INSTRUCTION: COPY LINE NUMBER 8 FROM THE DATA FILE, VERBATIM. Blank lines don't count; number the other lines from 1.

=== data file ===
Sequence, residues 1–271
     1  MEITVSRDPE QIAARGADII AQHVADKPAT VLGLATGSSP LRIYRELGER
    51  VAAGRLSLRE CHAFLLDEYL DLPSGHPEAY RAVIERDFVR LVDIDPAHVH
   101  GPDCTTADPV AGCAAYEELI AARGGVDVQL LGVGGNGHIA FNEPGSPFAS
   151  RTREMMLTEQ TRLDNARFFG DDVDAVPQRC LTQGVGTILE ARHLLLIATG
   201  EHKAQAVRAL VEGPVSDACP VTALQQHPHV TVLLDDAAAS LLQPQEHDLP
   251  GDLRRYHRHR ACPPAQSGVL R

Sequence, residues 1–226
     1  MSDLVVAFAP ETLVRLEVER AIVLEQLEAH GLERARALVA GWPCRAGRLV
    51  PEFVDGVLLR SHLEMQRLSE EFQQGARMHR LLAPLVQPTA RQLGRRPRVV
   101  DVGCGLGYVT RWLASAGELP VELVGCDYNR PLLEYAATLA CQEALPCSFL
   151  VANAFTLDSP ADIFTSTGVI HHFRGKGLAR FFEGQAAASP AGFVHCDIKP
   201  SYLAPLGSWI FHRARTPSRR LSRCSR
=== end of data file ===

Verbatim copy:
Sequence, residues 1–226